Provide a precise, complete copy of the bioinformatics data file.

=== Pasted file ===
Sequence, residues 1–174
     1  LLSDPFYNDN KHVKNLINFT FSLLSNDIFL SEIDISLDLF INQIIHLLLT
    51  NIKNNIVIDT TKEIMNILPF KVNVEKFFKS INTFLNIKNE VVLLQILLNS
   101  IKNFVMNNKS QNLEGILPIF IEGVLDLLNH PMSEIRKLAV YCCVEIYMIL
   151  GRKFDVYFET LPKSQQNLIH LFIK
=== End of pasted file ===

Sequence, residues 1–174
     1  LLSDPFYNDN KHVKNLINFT FSLLSNDIFL SEIDISLDLF INQIIHLLLT
    51  NIKNNIVIDT TKEIMNILPF KVNVEKFFKS INTFLNIKNE VVLLQILLNS
   101  IKNFVMNNKS QNLEGILPIF IEGVLDLLNH PMSEIRKLAV YCCVEIYMIL
   151  GRKFDVYFET LPKSQQNLIH LFIK